The Concept of Money Speed. Fast and Slow Money.

What does this mean?  Most people would have some of each. If you are a typical wage or salary earner with a gross income of £10k to £30k per year with the usual family responsibilities the chances are that money doesn’t stay around very long. It moves pretty fast. For a start, the Government will take its cut of, 35% or so,  tax and National Insurance contributions,  That has moved so fast that you’ve never  seen it! Then each week or month  there will be  grocery bills,  garage bills, bills for school trips and uniforms etc. You’ll probably be very familiar with all this. Much of what you buy will be subject to 20% VAT and that will quickly go back to the government.

As money is received by the Supermarkets, garages etc it will be used again to pay their staff and replenish their stocks. Their staff will also do with their wages and salaries exactly what you have done with yours, after the government has taken its cut,  and in turn those who receive what is left will do the same.

This kind of money, fast money, has an enormous effect on the economy.

Then, on the other hand,  you may have some money in an old National Savings account or Premium Bonds which you’ve half forgotten about. That’s very slow money. You may need it some day or maybe you’ll forget about it completely. There’s £ billions of unclaimed money in bank accounts everywhere which is so slow that its actually stopped.

This kind of money, slow money, has very little effect on the economy.

Is it important to know the difference? Well yes it certainly is when listening to politicians. Suppose they are advocating cutting the top rate of tax which may cost a certain amount. Say £10 billion. They might claim that they can balance this by making £10 billion of ‘savings’ elsewhere. In reality they will mean not employing, or cutting the wages of, teachers, nurses,  firemen. Exactly the kind of people who will go out and spend their money.

For a start the Government won’t get back their £3.5 billion in tax and national insurance contributions. So, the saving is now only £7.5 billion. Then they will lose all the 20% VAT payments they would otherwise have had. Similarly they will lose the tax and NI contributions of the next down the line and the ones after that. Cutting £10 billion in this way will probably cost much more than £10 billion in the final analysis as the economy spirals downwards and the government has to pay out  extra unemployment benefits.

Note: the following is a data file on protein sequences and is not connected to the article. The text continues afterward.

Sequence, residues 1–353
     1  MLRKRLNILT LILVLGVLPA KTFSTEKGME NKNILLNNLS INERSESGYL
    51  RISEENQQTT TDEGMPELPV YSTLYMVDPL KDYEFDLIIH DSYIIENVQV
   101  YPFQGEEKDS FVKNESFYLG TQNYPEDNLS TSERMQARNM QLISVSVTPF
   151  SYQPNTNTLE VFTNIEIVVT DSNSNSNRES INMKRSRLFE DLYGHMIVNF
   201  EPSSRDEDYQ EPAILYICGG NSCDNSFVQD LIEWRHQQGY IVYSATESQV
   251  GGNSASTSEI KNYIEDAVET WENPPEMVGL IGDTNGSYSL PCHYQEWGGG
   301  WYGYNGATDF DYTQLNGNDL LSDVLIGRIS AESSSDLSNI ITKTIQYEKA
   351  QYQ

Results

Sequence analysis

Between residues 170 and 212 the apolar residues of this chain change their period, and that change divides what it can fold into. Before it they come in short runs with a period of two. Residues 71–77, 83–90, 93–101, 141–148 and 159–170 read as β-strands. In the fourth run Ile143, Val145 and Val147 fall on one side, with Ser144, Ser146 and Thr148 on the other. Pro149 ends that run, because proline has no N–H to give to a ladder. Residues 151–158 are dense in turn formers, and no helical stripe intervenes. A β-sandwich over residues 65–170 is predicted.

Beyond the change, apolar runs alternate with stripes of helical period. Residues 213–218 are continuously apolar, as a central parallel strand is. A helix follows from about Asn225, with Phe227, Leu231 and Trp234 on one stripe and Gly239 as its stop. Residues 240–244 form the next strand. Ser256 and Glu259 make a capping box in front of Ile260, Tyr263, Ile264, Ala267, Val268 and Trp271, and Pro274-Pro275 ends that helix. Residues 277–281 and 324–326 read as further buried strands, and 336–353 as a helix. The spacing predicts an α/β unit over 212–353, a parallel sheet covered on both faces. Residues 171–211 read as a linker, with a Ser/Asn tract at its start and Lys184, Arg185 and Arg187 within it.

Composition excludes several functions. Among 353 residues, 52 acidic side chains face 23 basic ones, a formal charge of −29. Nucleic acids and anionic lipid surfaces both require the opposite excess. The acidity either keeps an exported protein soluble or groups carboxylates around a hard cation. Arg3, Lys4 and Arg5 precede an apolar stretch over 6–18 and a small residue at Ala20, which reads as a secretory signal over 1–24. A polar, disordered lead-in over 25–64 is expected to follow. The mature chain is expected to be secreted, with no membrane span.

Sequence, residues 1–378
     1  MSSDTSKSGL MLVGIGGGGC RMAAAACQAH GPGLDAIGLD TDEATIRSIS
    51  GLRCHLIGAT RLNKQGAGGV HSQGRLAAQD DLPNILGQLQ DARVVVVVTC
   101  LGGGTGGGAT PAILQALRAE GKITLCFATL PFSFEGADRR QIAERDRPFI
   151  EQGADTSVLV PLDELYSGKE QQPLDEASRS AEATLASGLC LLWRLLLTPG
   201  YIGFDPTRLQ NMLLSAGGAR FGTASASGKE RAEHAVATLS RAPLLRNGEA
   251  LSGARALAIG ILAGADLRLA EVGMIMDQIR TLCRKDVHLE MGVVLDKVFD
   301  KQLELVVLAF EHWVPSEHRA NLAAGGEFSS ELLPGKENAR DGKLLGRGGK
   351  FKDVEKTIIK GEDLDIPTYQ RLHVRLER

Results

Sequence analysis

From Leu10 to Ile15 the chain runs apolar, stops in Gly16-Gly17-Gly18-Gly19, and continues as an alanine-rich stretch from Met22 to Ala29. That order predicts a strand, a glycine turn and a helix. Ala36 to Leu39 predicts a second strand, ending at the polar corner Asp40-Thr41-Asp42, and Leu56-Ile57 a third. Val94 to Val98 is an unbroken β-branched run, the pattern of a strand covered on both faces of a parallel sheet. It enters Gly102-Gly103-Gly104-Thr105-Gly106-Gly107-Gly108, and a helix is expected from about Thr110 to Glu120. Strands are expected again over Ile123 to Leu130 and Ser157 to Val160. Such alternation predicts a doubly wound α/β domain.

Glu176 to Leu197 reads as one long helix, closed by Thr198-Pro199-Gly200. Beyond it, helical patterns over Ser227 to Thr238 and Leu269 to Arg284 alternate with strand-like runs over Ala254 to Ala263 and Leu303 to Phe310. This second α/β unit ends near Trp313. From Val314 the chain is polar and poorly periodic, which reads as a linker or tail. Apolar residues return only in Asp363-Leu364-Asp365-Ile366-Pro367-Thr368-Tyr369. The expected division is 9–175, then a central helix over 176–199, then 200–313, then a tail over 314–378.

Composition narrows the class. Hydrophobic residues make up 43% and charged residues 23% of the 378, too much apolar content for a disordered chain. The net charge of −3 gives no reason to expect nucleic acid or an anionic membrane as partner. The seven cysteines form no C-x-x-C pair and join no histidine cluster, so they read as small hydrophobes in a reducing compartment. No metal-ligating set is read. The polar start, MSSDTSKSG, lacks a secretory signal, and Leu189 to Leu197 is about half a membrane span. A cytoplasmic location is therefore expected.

And what about the £10 billion which goes to the top tax earners?  Well of course some of it will be spent, but a high proportion won’t. It is much more likely to end up saved in a superannuation scheme. It is much more likely to end up as slow money having little or no effect on the economy.

This means that some thought is needed when proposing an exchange of fast money for slow money in any economy. That could be  appropriate if inflation was a problem and the government wanted to cool down the economy. It certainly doesn’t look to be appropriate right now.

This isn’t hard to understand, in my opinion. Yet, you may well have a local MP, who won’t necessarily be a Tory, who doesn’t seem to be at all aware of this.  If so maybe you could have a try at explaining it to them?

Additional Reading.


(c) Copyright 2013  Peter Martin. All Rights Reserved.

2 responses to “The Concept of Money Speed. Fast and Slow Money.

  1. The distinction between fast and slow money ties up with a distinction I made on my own blog recently between two different activities that commercial banks engage in: 1, money creation, and 2, connecting borrowers to lenders.

    I argued that a bank will charge administration costs, but not interest for creating money: i.e. providing customers with a “float”. That’s the equivalent of fast money.

    In contrast, I argued that a bank WILL CHARGE interest in respect of a long term loan, like a mortgage. That’s the equivalent of slow money. And of course it’s impossible to draw a sharp distinction between “fast/float” money and “slow/long term loan” money. See:

  2. petermartin2001

    @ Ralph,

    Yes OK. Except that I’m not sure we are talking about the same thing. I’m meaning the velocity of circulation of money as used in Fisher;s “Equation of Exchange” concept. MV=PT,

    where M is the amount of money, V is velocity, P is price and T is transactions.

    V is the effective average of all money. Some of it fast and some slow.

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